About Us
Write for Us
Media Info
Advertising Info

Grape polyphenols help counter negative effects of high fat diet


(NaturalNews) Grape polyphenols may help protect the body from the effects of a diet high in fat, according to two studies conducted by researchers from the University of North Carolina Greensboro, and published in the Journal of Nutritional Biochemistry.

"These two studies suggest that grapes and grape polyphenols may help offset a number of the adverse effects of consuming a high fat diet and trigger improvements in intestinal or systemic health," lead researcher Michael McIntosh said. "This is an exciting area of health that merits further study."

Many of the famous health benefits of red wine, such as reduced cardiovascular disease risk, are thought to stem from plant compounds known as polyphenols. Grape skins are particularly high in these compounds. In addition to having high antioxidant activity, polyphenols may also help block the production of a protein that plays a role in cardiovascular disease.

Striking changes to microbiome

In the first study, researchers fed rats a diet high in butterfat, providing 33 percent of daily calories from fat, with grapes comprising 3 percent of their diet. After 11 weeks, rats eating the grape-spiked high-fat diet had significantly less subcutaneous fat and overall body fat, improved gut barrier function, increases in gut microbial diversity, and increases in beneficial gut bacteria, combined with decreases in more harmful bacteria.

The second study was conducted on rats getting 44 percent of their calories from fat, including highly saturated fat sources such as butter, shortening, beef tallow and lard. The researchers identified this diet as similar to many Western diets. Some of the rats had 5 percent of their diet come from grapes, while others were supplemented with either the polyphenol or non-polyphenol portions of grapes. All the diets contained the same amounts and types of sugar.

After 16 weeks, rats whose diets were supplemented with whole grapes showed improvements to microbial balance similar to those in the first study. The rats given polyphenols, however, showed decreased subcutaneous and visceral fat deposits and overall body fat percentage, lowered inflammation in the liver and fatty deposits, improved gut barrier function and improved glucose tolerance. These changes all suggest a decreased risk of metabolic syndrome – the cluster of symptoms linked to the development of cardiovascular disease and diabetes.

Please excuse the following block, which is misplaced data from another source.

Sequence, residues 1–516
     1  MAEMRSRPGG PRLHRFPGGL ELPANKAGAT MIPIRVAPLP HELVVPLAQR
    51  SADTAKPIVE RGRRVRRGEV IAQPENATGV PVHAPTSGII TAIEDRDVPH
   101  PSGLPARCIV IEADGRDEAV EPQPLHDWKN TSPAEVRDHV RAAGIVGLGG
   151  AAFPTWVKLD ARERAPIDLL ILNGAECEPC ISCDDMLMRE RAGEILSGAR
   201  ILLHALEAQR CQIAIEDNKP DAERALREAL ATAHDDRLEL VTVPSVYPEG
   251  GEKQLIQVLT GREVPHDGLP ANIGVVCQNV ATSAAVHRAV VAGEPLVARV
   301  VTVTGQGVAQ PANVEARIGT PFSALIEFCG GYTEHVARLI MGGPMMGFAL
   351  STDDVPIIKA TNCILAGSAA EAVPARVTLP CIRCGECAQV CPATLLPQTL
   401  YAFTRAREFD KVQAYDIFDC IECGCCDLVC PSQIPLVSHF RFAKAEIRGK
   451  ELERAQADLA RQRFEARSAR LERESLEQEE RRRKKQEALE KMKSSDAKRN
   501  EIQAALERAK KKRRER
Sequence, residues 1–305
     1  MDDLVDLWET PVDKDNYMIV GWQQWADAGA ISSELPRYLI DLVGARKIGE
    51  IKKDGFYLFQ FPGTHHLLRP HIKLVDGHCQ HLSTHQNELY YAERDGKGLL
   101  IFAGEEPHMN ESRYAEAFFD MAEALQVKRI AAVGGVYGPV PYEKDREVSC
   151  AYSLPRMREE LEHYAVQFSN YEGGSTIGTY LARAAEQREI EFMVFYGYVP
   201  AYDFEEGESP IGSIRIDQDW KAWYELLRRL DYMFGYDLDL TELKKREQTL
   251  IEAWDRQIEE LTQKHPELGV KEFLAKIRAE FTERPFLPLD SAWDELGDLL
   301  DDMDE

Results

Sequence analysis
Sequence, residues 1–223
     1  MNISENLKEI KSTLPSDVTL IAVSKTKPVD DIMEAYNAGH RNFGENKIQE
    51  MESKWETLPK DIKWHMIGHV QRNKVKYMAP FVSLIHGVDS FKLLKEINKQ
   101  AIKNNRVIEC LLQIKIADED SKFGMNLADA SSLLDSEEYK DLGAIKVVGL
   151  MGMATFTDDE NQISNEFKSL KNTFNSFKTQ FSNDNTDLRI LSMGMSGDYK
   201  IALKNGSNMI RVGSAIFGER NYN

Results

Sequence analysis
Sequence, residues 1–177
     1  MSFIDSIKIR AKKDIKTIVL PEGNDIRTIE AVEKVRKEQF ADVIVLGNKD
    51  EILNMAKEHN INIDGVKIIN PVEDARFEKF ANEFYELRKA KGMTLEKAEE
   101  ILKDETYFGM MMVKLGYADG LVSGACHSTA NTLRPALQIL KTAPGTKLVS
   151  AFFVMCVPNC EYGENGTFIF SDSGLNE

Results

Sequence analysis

Gut microbes are now thought to play an important role in regulating metabolism, and imbalances in those microbes may contribute to metabolic syndrome.

Polyphenols also prevent organ damage

The study is only the latest in a long line of research exploring the metabolic benefits of grape polyphenols. A study conducted by researchers from the University of Michigan, and presented at the Experimental Biology conference in 2013, found that grape consumption might help prevent the organ damage associated with metabolic syndrome.

In that study, researchers took obesity-prone rats and fed them a high-fat, U.S.-style diet either with or without added grapes. The researchers found that rats on the grape-supplemented diet showed lower levels of inflammatory markers than the control rats, particularly in the liver and abdominal fat. They also showed higher antioxidant activity, especially in the liver and kidneys. The grape-eating rats also had less fat in the abdomen, liver and kidneys.

"Our study suggests that a grape-enriched diet may play a critical role in protecting against metabolic syndrome and the toll it takes on the body and its organs," lead researcher E. Mitchell Seymour said. "Both inflammation and oxidative stress play a role in cardiovascular disease progression and organ dysfunction in Type 2 diabetes. Grape intake impacted both of these components in several tissues which is a very promising finding."

In prior research, Seymour found that obesity-prone rats fed grape-enriched diets showed decreases in risk factors for diabetes and heart disease.

Sources for this article include:





Receive Our Free Email Newsletter

Get independent news alerts on natural cures, food lab tests, cannabis medicine, science, robotics, drones, privacy and more.

comments powered by Disqus
Most Viewed Articles

Natural News Wire (Sponsored Content)

Science News & Studies
Medicine News and Information
Food News & Studies
Health News & Studies
Herbs News & Information
Pollution News & Studies
Cancer News & Studies
Climate News & Studies
Survival News & Information
Gear News & Information
News covering technology, stocks, hackers, and more